It’s a special week at our headquarters in Portland. That’s because Mercy Corps is hosting the opening of Darkness & Light, a special exhibition raising awareness for the hunger crisis in the Horn of Africa and DC Entertainment’s We Can Be Heroes giving campaign.
The tour — next stopping at San Diego’s Comic Con, followed by Atlanta and Chicago — showcases a collection of original artwork inspired by DC Comics’ Justice League characters paired with photographs of the real-life heroes who are fighting hunger in Ethiopia, Somalia and Kenya.
But how exactly did Mercy Corps end up with a Lego sculpture of Superman in our building?
From crisis to heroic campaign
Last year, on July 20, famine was declared in Somalia — the first time a hunger crisis had reached that magnitude in the Horn of Africa in 21 years. More than 12 million people — a population the size of Oregon, Washington and Idaho combined — were at risk of starvation.
Meanwhile, the media was giving little mention of what was quickly becoming the worst hunger crisis in 60 years. Although many generous Mercy Corps donors were giving to this new emergency, without news coverage, it wasn’t receiving the volume of donations needed to truly fund the challenging work our team was facing in Ethiopia, Somalia and Kenya.
It was the time to get creative and look for a new opportunity to raise awareness for the Horn of Africa.
Inspired by the 1986 movement around the famine in Ethiopia (remember Live Aid and “We Are the World”?), we had an idea. Mercy Corps’ CEO Neal Keny-Guyer called someone he knew at Time Warner. It was a long shot, like shooting from the half-court line…of a court 50 yards away. But an hour later, we received a response from the Warner Bros., a division of Time Warner, and they wanted to learn more.
Warner Bros. owns DC Entertainment — or as many of us would know them, DC Comics. In 1986, DC Comics produced a comic book called “Heroes Against Hunger” featuring Batman and Superman fighting famine in Ethiopia, with all proceeds going to families in need.
Seeing the immediate needs at hand 25 years later, Warner Bros. and DC Entertainment reconnected with this history of giving and the new We Can Be Heroes campaign was born. The two-year initiative uses the iconic comic book characters to spread the word about the crisis and raise support for the work that Mercy Corps, Save the Children and International Rescue Committee are doing to feed families and help them rebuild. DC Entertainment is matching the first $1 million in donations to the cause.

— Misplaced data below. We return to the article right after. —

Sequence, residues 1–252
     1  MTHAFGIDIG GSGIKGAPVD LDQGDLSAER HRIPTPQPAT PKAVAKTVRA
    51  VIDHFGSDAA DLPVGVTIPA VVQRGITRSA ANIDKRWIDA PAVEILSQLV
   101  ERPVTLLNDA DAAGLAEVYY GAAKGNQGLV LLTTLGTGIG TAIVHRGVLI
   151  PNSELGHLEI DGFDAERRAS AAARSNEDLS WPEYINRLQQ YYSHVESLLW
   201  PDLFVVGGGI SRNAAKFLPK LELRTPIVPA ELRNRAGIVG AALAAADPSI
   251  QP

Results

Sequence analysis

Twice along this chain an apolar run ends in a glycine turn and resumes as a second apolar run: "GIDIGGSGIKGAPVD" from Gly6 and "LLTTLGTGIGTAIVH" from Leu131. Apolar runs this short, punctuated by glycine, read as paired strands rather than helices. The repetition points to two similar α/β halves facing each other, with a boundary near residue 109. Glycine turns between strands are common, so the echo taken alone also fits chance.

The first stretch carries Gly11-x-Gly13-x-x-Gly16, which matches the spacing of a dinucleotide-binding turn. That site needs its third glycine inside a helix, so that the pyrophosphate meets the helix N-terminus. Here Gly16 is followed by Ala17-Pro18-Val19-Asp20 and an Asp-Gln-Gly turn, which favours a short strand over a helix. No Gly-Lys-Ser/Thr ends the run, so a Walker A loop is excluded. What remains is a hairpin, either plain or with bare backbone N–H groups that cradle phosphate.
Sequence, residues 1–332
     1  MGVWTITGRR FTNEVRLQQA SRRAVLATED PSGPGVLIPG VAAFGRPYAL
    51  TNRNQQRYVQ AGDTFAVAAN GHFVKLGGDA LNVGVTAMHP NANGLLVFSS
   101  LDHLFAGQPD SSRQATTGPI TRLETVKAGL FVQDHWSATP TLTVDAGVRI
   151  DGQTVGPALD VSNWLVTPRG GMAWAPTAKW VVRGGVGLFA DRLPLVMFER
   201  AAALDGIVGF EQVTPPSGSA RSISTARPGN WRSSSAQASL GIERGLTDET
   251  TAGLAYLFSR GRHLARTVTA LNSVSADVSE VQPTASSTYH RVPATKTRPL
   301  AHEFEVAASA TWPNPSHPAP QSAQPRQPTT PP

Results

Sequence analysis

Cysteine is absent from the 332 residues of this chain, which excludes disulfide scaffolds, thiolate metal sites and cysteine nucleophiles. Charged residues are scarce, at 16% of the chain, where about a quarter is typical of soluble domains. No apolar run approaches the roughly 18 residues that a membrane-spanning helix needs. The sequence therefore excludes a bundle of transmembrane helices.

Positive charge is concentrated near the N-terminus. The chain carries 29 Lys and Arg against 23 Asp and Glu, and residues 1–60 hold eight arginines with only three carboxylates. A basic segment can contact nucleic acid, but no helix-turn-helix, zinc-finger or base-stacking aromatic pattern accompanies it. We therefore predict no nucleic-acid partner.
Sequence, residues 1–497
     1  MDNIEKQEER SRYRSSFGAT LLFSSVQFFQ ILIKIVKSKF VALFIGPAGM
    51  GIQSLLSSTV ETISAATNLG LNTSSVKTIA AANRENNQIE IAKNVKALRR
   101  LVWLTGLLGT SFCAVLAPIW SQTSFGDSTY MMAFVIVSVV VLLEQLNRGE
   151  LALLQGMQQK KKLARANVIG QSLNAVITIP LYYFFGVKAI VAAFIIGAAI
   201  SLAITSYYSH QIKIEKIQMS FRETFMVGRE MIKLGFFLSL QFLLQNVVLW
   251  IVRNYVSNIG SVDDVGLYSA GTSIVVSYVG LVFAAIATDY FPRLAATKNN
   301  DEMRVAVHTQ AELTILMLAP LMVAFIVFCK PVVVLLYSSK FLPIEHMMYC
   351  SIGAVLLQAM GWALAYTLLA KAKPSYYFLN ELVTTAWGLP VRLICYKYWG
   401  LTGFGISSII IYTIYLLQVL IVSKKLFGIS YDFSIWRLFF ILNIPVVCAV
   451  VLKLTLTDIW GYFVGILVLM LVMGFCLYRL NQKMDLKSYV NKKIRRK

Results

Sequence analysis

How you can be a hero
And now there’s a new opportunity to connect with our heroes — Batman, Superman, Catwoman, but most importantly, the aid workers, medical volunteers and others working nonstop in the field to save lives in the Horn of Africa. Darkness & Light: Art Inspired by Heroes & Villains, Hope & Heroism is a one-of-a-kind art and education exhibit featuring some incredible exclusive art, including a large-scale painting by DC Entertainment co-publisher Jim Lee and intricate Lego sculptures of the characters themselves.
It is also an opportunity to learn about and see how this crisis is affecting families first-hand — photos from Mercy Corps and the other agencies show how they have been forced to leave their homes and search for food, water and basic health care. But there is also hope — the famine was downgraded in February and we are helping people return home and build stronger resources to withstand future cycles of drought and hunger.
If you are in Portland, stop by our headquarters downtown to see the exhibit through this Saturday, June 30. As it travels around the country, you’ll have also the chance to check it out at Comic-Con in San Diego (July 9-15), in Atlanta (August 4-13) and in Chicago (September 19-26). Click here for more information.
It’s incredible to see such a huge media spotlight shone on this issue through DC Entertainment’s involvement. The We Can Be Heroes ad campaign, the media outreach and other initiatives like this exhibit are raising awareness and funds that are quite literally saving lives. This means so much to me personally, to all of our staff, and particularly our teams on the frontlines in Ethiopia, Somalia and Kenya who are seeing that people truly care.
You can join us in the fight against hunger: Spread the word and donate to We Can Be Heroes.>